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February 15, 2010 at 7:10 PM

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Cypress: Official Black Eye of 2010 Winter Games

Posted by Ron Judd

Nobody at the Vancouver Organizing Committee is to blame for the weather that has beset Cypress "Mountain," the disastrous freestyle ski and snowboard venue that's quickly becoming the Official Black Eye of the 2010 Winter Games.

But they certainly are responsible for everything else going wrong up there.

The rest, we began to learn today, included fans stranded at the venue, shortages of food and shelter, and just basic organization for a large-scale event.

"I went to the women's moguls event at Cypress and I can say from start to finish it
was the worst -organized event i've ever attended, including college
keggers," a reader from Kirkland e-mailed today.

The reader said VANOC sold out bus tickets to the mountain, and failed to match bus tickets to event tickets, while at the same time preventing people from driving up on their own.

At the mountain, fans found a half-mile walk to the actual venue, and faced concession lines of 90 minutes or more.

"We paid face value for the tickets and left after the prelims, skipping the finals altogether," this fan said. "So did many many others who paid upwards of $350 per ticket. People were absolutely livid!"

And this doesn't even include the thousands of fans whose "standing-room" tickets to Monday's snowboard cross were summarily canceled because of unsuitable conditions at the course.

For that, we quote the Vancouver Sun, which reports:

This is the latest round of weather-related problems for Cypress. Snow hauled up the mountain by truck and helicopter was used to build up the runs where the athletes compete, as well as to cover bails of straw to bolster the area where general-admission spectators stand to watch the events. But heavy rain on the weekend washed the snow away, leaving sink holes around the straw that officials deemed unsafe.

VANOC's response? Sorry. But CEO John Furlong went so far as to say the organization doesn't regret choosing Cypress as a venue.

Really? Any sane person would.

VANOC had plenty of warnings about the potential for warm-weather problems at Cypress, which sits at about the same soggy altitude as Snoqualmie Pass, but lies much closer to a marine climate. Two years ago, World Cup test events there were canceled by rain and fog. Same thing last year.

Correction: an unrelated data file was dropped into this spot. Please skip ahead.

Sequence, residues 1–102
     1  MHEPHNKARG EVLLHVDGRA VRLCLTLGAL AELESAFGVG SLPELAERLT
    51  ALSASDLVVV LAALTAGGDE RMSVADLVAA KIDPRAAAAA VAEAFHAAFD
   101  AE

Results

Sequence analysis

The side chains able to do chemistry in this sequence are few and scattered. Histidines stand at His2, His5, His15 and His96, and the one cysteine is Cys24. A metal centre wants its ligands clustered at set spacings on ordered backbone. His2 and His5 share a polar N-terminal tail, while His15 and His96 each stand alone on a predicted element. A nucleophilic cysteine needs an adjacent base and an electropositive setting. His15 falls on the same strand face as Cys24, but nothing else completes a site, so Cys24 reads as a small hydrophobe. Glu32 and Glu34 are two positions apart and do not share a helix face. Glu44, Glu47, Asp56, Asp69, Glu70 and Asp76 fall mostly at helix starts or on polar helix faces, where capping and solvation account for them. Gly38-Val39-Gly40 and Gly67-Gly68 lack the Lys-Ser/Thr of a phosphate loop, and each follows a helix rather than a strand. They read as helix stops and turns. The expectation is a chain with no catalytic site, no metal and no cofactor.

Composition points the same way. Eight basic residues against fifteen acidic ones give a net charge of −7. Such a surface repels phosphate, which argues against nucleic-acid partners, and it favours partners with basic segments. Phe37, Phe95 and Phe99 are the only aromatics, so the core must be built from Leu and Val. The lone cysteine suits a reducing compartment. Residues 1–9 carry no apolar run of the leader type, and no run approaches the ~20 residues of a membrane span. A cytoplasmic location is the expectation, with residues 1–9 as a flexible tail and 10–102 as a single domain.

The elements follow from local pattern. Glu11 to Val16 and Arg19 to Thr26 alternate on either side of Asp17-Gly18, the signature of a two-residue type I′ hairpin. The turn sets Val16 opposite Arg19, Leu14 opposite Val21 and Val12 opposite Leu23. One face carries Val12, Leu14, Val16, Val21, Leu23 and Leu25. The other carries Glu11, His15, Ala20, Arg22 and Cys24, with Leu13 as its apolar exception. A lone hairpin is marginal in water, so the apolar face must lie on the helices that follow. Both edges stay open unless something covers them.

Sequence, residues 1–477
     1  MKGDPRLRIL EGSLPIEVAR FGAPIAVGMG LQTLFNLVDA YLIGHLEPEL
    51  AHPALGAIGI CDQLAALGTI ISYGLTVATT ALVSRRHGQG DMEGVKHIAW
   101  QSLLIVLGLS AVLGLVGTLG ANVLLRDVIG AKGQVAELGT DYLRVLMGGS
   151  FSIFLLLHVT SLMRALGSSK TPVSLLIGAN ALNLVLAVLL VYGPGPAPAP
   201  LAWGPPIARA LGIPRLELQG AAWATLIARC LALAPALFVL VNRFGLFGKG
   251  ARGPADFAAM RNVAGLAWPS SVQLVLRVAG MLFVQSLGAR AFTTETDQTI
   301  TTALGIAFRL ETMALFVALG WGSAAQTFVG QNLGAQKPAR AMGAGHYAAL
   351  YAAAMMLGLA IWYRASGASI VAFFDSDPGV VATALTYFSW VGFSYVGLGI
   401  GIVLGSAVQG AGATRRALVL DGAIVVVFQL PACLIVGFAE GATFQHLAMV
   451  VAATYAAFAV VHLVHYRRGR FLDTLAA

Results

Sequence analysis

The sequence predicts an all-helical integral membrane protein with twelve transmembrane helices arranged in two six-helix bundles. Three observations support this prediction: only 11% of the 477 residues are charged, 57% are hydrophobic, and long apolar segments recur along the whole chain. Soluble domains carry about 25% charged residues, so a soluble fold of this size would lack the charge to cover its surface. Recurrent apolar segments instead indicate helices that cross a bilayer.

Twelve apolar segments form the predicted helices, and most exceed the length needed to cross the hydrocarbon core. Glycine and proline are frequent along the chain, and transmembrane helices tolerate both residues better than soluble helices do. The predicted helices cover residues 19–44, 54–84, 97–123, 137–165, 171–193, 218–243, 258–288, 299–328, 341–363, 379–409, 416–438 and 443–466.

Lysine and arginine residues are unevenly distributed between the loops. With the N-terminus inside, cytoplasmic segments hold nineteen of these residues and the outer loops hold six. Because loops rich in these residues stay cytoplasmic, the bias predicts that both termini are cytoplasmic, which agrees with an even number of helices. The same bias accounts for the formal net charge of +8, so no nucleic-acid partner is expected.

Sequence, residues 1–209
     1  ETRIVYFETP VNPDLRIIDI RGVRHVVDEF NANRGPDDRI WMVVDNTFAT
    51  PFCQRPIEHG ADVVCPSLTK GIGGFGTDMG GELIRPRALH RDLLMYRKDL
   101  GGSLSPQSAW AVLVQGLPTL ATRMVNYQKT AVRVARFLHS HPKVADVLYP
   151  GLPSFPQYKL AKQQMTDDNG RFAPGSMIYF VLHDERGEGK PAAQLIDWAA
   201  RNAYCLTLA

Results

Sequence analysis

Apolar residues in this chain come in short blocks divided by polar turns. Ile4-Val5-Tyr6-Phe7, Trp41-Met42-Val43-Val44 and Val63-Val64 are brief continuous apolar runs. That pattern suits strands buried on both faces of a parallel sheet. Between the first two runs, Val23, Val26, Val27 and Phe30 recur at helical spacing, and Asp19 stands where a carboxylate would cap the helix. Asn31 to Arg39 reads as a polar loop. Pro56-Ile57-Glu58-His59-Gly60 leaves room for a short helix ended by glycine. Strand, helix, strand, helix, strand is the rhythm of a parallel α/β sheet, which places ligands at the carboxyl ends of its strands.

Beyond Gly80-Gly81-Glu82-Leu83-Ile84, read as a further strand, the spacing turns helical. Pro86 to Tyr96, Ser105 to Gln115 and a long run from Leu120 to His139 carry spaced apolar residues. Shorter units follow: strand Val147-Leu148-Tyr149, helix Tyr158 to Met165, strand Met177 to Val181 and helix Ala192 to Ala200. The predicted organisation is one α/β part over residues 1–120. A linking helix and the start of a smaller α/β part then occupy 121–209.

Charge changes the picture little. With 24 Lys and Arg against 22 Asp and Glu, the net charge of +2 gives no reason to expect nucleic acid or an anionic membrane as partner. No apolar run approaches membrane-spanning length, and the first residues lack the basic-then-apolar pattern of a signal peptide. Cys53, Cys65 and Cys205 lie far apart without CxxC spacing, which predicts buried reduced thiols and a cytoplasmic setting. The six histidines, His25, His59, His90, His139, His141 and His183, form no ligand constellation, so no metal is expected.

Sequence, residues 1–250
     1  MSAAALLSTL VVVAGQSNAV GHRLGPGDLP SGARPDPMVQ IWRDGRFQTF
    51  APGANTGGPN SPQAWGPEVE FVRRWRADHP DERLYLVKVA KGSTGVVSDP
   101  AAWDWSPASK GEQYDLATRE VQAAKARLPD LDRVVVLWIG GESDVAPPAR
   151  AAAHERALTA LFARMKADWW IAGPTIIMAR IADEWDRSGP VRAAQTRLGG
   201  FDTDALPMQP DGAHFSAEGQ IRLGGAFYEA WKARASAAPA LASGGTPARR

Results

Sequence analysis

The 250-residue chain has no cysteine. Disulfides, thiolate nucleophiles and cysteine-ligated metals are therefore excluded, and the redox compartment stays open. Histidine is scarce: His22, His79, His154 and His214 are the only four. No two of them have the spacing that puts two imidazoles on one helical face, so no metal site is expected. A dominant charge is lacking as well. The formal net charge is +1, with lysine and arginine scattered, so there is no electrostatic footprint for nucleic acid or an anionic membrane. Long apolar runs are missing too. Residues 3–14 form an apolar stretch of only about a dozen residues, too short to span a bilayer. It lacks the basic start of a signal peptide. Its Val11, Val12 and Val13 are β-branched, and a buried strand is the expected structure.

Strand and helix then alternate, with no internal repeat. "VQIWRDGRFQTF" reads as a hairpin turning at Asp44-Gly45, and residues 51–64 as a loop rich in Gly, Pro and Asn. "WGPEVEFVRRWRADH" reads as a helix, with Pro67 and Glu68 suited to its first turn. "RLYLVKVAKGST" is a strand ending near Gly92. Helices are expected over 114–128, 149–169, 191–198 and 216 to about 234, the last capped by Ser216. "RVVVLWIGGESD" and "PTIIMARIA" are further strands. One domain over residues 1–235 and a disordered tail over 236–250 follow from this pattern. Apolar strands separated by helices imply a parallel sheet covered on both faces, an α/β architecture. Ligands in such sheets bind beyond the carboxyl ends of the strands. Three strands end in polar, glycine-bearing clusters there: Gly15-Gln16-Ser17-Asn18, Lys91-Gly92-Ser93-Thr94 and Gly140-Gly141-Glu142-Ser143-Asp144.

How many warning signs does one organization get?

It's an embarrassment for Vancouver. And for the Games themselves.

Because lest there be any doubt, Cypress's top-shelf food service "does meet Olympic Games standards," The Sun quotes VANOC officials as saying.

Little doubt there. But here's guessing it doesn't meet Olympic Family standards.

VANOC also noted that it had placed the maximum number of food and drink facilities it could jam into the "relatively small venue."

Far as we know, the venue did not get smaller after VANOC made the mistake of picking it in the first place.

You can't blame that on the weather. Shrinkage doesn't apply to ski resorts.

Photo: A lack of snow has cursed Cypress Mountain outside Vancouver; Mike Siegel/Seattle Times.

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Blog roll and links The official International Olympic Committtee site, with news releases, a searchable Olympic medals database and other archival information. Olympic news site from one of the Games' primary sponsors.
NBC Olympics columnist Alan Abrahamson's column/blog
Chicago Tribune Olympic sports writer Philip Hersh's blog U.S. Olympic Committee's athlete web site. Ed and Sheila Hula's Olympic News Service (subscription). News service with audio, video and text coverage of Olympic sports, during and between Olympics. Free, but charges for live video feed subscriptions. Beijing Organizing Committee Web site. Vancouver Organizing Committee's 2010 Winter Games site. London 2012 Summer Games site. Sochi, Russia's 2014 Winter Games site. Candidate city Chicago's summer 2016 bid committee site.
Olympic swimmer Tara Kirk's highly entertaining WCSN blog
Bellevue Olympian Scott Macartney's WCSN alpine ski-racing blog
Other WCSN Olympic athlete blogs.